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Saturday, 9 August 2014

Inquiry a must for custodial deaths

PUTRAJAYA: In another landmark ruling, the Court of Appeal has ruled that a public independent inquiry must follow cases of custodial death.

The decision was made in the case involving suspected car thief A. Kugan, who died while in police custody five years ago.

In a landmark ruling on June 26 last year, the High Court had awarded Kugan’s family RM801,700 in damages after finding police and the Government liable for his death while being remanded.

Yesterday, Court of Appeal judge Justice David Wong Dak Wah, who read out a summary of the Appeal Court’s decision, said there should be zero tolerance to custodial deaths in remand centres in the country.

He said remand prisoners were innocent until convicted in a court of law and, like other citizens, were entitled to their basic human rights during their lawful detention.

He said the panel found that the need to hold an inquiry was consistent with Article 2 of the European Convention on Human Rights.

“The family of the deceased is also entitled to know the truth as to what happened during the detention. That is their intrinsic right,” he said in deciding on the appeals by the Government and police against the High Court’s decision to award the RM801,700 in damages to Kugan’s family.

He said common sense and common decency demanded that a full public inquiry be initiated to serve both the private and public interests in a manner demanded by civil society.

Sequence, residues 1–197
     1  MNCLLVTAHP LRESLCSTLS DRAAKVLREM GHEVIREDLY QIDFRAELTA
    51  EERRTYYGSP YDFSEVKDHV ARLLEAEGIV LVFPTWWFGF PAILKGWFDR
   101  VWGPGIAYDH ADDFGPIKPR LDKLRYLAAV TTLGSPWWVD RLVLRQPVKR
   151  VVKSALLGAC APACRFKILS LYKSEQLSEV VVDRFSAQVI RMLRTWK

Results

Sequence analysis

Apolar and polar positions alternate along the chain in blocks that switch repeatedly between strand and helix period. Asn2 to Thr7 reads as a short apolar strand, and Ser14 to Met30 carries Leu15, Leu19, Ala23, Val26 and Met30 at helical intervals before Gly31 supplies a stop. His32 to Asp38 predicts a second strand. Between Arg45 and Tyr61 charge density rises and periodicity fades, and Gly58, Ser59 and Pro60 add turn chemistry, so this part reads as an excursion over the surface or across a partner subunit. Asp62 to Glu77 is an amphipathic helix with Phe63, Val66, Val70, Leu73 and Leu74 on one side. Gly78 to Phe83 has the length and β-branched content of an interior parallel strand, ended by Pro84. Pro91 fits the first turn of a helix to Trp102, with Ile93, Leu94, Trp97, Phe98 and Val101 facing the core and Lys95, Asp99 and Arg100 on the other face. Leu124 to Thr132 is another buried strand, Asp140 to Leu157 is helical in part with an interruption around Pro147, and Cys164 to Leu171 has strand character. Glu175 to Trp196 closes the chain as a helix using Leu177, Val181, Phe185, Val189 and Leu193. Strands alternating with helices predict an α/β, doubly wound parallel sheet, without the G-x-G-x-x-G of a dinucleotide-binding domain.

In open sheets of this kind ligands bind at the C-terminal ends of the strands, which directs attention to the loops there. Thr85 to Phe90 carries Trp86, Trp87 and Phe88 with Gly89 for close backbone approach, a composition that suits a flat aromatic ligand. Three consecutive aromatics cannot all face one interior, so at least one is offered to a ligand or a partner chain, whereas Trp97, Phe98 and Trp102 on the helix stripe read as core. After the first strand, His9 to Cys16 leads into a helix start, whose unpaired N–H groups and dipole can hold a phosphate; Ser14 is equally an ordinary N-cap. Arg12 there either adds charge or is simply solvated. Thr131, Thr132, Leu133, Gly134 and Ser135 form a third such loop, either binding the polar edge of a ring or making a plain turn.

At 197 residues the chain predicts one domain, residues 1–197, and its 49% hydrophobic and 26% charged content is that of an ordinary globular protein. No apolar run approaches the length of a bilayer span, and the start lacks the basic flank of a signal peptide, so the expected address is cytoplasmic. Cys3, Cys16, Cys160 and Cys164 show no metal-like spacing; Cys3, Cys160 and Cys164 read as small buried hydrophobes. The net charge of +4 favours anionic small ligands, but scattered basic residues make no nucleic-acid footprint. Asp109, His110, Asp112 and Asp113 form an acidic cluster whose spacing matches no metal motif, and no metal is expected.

On Jan 13, 2012, Kugan’s mother N. Indra filed a RM100mil suit seeking damages over alleged negligence, assault, false imprisonment and misfeasance of public office as well as breach of statutory duties.

Indra, 47, had named then Selangor police chief Tan Sri Khalid Abu Bakar, who is now Inspector-General of Police, former constable V. Navindran, former Subang Jaya OCPD Asst Comm Zainal Rashid Abu Bakar (deceased), the Inspector-General of Police and the Go­­vernment as defendants.

The panel, chaired by Justice Mohamad Ariff Md Yusof, affirmed the High Court ruling on all important parts but set aside an award of RM100,000 given to the family over false imprisonment. In the coram was Justice Mah Weng Kwai.

Justice Wong said the ruling was made due to the fact that Malaysia did not have an ombudsman or an Independent Police Complaint and Misconduct Commission despite the recommendation of a Royal Commission for Police Reform (2005).

“In the case before us, the intention of the plaintiff is clear and that is to hold the defen­dants responsible and accountable for their unlawful action as public officers,” he said.

Tags / Keywords: Courts Crime , Justice David Wong Dak Wah , Court of Appeal


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